Being a powerful woman in the communications industry seems like an oxymoron, especially when most PR girls are expected to be agreeable, demure and friendly. Fatou Barry is attempting to break that stigma with her company PR Girl Manifesto. As a woman who hustled her way from gigs to launching her own PR and media agency, Fatou has not only mastered being the alpha woman, but she is helping other women in media and communications learn how to balance being a BAUCE and being themselves. As a PR maven herself, Fatou makes sure she continues to teach and empower women while still enjoying the best parts of life. In this interview with BAUCE, Fatou shares how she got into the communications industry and talks about the impact she wants to have in the world.
What specific need in the media industry did you want to fill for women?
Fatou: Women were being judged on their age and race in the workplace. Our work was being closely looked over by higher-ups. I got frustrated with this and knew we, as women, needed a safe space for our work and to get knowledge of media and communication. PR Girl Manifesto was first created for women in public relations but turned into a platform for women in communications all across the board like digital media and much more!
What difficulties do you find yourself encountering while growing your business, PR Girl Manifesto?
Fatou: Oh man, our biggest encounter when first starting PRGM was when we first began, we didn’t know exactly what we wanted to do. After taking time to evaluate what our platform would be, now we’re working on how to monetize it. How do we monetize the platform we’ve created and scale it in a way that makes sense? That would be our biggest encounter right now, making sure we’re putting out great content and getting monetized on our platforms.
What can we expect from PR Girl University?
Fatou: Ah, PR Girl University is an extension of PRGM. We felt like we weren’t targeting our women in college. A lot of women in college who are majoring in communications aren’t getting the knowledge and tools they would need post-grad. During college, a lot of personal development occurs and we wanted to make sure we created a safe space and community for our college girls. We want to give the real narrative of communications to them while they’re in college, before they reach post-grad, and don’t have the resources to pursue their career. So we’ll be building up communities there and providing courses that reflect the pace of public relations is now outside of colleges.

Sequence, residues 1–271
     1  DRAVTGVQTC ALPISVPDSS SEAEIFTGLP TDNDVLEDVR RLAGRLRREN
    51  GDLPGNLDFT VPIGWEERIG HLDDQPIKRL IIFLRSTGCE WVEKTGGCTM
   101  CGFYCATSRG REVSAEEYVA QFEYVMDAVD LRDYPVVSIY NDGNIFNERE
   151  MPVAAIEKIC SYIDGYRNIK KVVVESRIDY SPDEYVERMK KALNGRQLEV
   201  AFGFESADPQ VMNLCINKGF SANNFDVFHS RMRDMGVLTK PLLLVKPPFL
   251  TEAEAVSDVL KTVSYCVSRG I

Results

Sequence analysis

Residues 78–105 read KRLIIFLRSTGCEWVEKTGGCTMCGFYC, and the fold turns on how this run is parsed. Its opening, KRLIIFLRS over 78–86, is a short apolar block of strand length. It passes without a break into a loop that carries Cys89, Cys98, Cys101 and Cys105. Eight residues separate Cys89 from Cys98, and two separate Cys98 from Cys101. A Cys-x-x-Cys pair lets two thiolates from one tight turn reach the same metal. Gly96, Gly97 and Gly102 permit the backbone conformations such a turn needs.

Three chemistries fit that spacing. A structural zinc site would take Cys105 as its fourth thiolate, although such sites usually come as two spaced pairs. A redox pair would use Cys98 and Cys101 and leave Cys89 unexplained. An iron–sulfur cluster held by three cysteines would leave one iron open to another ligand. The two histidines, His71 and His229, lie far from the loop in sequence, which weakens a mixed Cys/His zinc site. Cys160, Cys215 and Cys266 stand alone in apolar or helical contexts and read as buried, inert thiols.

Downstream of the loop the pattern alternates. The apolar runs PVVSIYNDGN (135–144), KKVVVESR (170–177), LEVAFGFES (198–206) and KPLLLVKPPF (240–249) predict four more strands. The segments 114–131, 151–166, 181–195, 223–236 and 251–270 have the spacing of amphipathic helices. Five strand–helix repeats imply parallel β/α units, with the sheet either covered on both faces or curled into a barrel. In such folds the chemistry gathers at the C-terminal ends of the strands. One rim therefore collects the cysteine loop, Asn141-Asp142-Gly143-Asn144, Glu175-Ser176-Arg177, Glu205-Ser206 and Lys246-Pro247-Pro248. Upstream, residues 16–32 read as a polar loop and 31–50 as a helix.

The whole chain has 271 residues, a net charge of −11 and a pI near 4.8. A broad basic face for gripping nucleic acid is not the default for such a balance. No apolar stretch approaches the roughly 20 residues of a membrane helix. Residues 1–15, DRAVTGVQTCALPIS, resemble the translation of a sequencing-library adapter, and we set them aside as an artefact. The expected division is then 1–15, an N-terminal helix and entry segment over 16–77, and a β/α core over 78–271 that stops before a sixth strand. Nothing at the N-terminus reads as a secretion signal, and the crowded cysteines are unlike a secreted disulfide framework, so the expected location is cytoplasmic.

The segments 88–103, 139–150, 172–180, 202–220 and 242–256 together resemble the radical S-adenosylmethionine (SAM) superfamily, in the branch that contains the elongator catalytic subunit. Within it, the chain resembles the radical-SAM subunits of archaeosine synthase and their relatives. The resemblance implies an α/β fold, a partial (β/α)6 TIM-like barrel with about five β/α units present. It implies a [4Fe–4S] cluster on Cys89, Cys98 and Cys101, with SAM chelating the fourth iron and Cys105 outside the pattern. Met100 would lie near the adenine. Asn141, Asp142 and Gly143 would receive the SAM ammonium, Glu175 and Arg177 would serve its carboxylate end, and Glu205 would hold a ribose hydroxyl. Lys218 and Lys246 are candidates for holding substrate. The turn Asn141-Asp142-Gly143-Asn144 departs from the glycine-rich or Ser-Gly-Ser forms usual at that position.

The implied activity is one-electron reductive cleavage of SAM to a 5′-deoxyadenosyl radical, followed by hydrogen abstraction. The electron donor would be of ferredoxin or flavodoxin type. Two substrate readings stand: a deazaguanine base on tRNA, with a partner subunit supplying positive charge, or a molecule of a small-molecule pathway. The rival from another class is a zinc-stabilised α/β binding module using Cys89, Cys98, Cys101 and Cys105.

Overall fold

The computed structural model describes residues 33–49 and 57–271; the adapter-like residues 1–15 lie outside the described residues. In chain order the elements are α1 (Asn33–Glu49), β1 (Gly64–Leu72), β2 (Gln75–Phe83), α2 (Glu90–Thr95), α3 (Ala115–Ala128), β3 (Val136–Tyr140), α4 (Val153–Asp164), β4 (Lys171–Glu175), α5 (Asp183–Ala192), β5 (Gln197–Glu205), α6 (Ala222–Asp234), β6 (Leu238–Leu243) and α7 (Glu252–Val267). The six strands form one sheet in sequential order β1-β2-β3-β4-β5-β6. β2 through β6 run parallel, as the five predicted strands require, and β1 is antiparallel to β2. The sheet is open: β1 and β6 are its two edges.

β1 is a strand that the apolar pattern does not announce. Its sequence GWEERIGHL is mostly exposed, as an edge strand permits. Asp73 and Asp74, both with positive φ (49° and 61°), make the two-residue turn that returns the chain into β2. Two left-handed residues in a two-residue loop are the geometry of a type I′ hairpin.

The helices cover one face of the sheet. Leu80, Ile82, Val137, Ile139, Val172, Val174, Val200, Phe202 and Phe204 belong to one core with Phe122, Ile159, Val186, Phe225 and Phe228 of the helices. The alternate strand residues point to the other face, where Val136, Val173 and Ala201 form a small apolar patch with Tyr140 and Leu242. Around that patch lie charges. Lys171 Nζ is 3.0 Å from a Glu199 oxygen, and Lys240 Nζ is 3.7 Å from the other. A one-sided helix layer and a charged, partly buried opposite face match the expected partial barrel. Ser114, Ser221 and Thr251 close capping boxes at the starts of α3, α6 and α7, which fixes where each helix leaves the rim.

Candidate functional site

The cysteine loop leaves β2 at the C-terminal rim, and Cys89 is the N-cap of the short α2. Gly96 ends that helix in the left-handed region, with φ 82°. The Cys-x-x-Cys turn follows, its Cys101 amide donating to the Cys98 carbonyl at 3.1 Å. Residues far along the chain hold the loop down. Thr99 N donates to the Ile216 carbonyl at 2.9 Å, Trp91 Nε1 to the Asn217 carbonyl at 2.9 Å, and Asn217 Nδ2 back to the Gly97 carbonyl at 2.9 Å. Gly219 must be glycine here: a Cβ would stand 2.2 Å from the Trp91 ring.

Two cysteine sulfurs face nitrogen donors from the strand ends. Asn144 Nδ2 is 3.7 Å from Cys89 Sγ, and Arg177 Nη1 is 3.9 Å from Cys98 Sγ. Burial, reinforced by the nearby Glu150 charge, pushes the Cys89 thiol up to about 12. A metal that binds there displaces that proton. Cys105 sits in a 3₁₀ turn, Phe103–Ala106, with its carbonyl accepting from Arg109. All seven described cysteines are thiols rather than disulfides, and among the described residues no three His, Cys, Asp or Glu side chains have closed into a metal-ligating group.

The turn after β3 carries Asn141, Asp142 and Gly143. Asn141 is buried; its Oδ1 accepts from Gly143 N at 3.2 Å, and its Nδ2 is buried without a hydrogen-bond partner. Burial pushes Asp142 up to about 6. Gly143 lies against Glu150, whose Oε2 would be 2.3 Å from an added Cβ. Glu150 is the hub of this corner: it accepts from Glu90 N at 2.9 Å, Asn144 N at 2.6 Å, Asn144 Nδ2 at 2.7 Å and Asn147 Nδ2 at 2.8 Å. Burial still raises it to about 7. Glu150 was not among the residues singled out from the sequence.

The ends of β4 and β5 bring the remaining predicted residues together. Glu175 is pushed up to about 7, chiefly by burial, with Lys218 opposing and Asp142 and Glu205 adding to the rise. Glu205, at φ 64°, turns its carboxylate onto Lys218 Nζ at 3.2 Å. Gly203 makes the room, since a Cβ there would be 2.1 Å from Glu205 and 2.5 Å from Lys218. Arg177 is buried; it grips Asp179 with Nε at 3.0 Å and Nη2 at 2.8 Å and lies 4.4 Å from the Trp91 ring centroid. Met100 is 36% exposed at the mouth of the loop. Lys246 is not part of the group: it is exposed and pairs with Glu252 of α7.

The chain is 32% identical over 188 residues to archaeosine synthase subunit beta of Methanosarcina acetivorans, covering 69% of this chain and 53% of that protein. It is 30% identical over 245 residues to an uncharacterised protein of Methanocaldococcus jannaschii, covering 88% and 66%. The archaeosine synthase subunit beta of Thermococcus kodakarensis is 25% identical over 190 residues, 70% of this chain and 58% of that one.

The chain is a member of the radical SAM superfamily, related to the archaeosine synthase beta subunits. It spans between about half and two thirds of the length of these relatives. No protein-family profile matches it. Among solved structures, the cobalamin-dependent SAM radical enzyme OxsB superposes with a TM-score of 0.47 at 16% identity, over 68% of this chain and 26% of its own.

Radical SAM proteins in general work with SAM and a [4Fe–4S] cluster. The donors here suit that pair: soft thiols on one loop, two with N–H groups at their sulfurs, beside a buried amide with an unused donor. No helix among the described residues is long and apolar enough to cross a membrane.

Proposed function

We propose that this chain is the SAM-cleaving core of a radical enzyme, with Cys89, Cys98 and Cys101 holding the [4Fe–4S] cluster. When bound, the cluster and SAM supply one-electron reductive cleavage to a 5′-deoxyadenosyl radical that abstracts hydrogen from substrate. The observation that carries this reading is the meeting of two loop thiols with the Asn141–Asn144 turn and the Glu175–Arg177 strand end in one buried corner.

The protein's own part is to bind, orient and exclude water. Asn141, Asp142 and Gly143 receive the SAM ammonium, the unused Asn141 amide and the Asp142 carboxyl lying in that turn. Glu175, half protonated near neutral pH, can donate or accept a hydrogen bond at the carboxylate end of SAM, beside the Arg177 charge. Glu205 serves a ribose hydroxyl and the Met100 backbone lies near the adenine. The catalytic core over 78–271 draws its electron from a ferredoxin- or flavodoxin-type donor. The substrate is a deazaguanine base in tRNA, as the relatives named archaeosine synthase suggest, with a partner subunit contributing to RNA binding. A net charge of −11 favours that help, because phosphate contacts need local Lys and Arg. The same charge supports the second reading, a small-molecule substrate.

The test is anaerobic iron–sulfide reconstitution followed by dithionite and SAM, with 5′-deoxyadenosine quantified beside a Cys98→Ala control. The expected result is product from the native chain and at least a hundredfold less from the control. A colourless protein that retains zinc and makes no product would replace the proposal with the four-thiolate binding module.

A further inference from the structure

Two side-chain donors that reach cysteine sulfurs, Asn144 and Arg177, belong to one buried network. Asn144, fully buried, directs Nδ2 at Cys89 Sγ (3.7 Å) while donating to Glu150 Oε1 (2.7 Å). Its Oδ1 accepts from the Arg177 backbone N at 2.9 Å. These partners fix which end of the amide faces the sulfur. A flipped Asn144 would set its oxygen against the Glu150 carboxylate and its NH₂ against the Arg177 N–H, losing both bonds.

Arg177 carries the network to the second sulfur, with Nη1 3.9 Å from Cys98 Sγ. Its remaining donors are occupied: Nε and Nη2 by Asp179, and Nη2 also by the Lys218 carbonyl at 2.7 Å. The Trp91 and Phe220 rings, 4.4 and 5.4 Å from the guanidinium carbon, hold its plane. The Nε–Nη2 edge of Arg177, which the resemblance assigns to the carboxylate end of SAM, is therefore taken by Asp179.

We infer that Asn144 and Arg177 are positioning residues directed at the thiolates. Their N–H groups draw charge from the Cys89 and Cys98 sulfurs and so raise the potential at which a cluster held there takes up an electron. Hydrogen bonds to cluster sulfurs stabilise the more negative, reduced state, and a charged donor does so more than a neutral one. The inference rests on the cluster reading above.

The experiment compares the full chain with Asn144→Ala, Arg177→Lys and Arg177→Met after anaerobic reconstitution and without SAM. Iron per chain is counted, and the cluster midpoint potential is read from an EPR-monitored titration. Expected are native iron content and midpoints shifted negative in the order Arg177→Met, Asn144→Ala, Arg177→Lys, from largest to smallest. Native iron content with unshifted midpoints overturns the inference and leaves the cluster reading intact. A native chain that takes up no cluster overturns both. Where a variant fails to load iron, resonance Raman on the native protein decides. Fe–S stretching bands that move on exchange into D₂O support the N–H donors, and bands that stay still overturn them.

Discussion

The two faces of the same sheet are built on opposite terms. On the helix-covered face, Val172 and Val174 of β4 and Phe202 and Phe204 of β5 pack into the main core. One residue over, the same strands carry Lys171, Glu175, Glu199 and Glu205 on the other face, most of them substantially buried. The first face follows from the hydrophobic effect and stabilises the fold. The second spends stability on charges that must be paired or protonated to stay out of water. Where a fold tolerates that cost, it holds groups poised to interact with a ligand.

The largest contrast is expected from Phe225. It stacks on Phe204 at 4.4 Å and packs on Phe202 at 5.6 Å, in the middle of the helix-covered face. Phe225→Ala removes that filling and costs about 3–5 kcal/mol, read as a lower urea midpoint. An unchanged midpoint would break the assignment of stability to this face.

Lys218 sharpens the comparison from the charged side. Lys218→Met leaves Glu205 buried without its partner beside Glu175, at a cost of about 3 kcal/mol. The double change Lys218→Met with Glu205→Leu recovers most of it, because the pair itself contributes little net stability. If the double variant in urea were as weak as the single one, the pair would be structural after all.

What would you say your ultimate goal is with PRGM?
Fatou: I would say my goal for PRGM is to be an umbrella company. We want to keep expanding and adding extensions on. We want to be international! We had our ManifestHER conference this year that feature[d] amazing women across the communications industry. There’s so much we want to do for PRGM and ways to help our women in the communications network and educate each other.
When it comes to networking, what has been your best strategy?
Fatou: While networking, I would say not be afraid to slide in someone’s DMs! A lot of my business relationships were formed by one of us sliding in the others DMs and just telling each other how we liked the work they’re doing and wanting to connect. So shoot your shot! Also, I find that a lot of times when I first meet people, they’re so ready to hand you their business card right away and it kind of comes off as if that’s the only reason you’re speaking to me. Develop strong relationships with people.
What does being a Bauce mean to you?
Fatou: Being a BAUCE to me isn’t about a title or just a ‘oh you own a business, you’re a boss’. I think it’s more of a girl knowing what she wants and doing what she needs to achieve it.
How did you come across the opportunity to be the PR for Base Butter?
Fatou: Yes, I actually didn’t run across Base Butter. I came across the owner, Chantel. We slid in each other’s DMs and decided to meet up on National Margarita Day. Shortly after she approached me with the opportunity to be her PR for Base Butter. It felt right and it still, to this day, feels right. It’s an amazing company, everyone on the team is amazing! I’m very glad to be a part of such a great company.
What’s can we expect from you, as an individual, in the near future?
Fatou: Well, my friend, Melissa Alam and I have created this company called AB Media Group which is a minority, female-based company that specializes in helping women of color brand their businesses with brand design and digital marketing. I am also opening my first clinic in Guinea. The clinic is an attempt at providing a safe haven for women and children in Guinea who are victims of domestic abuse that don’t have anywhere to go. The majority of developing countries in Africa do not have clear laws that protect women in children who experience this horror.
As a survivor orphaned by domestic violence, it’s been something dear to my heart for years. In the last year, my adoptive mother and I have been in the process of building a safe haven and clinic that we hope will begin the process of providing women and children with a place they can call home and feel safe. We’ll be officially announcing the project in Q2 and providing avenues for people to support and donate to our programming.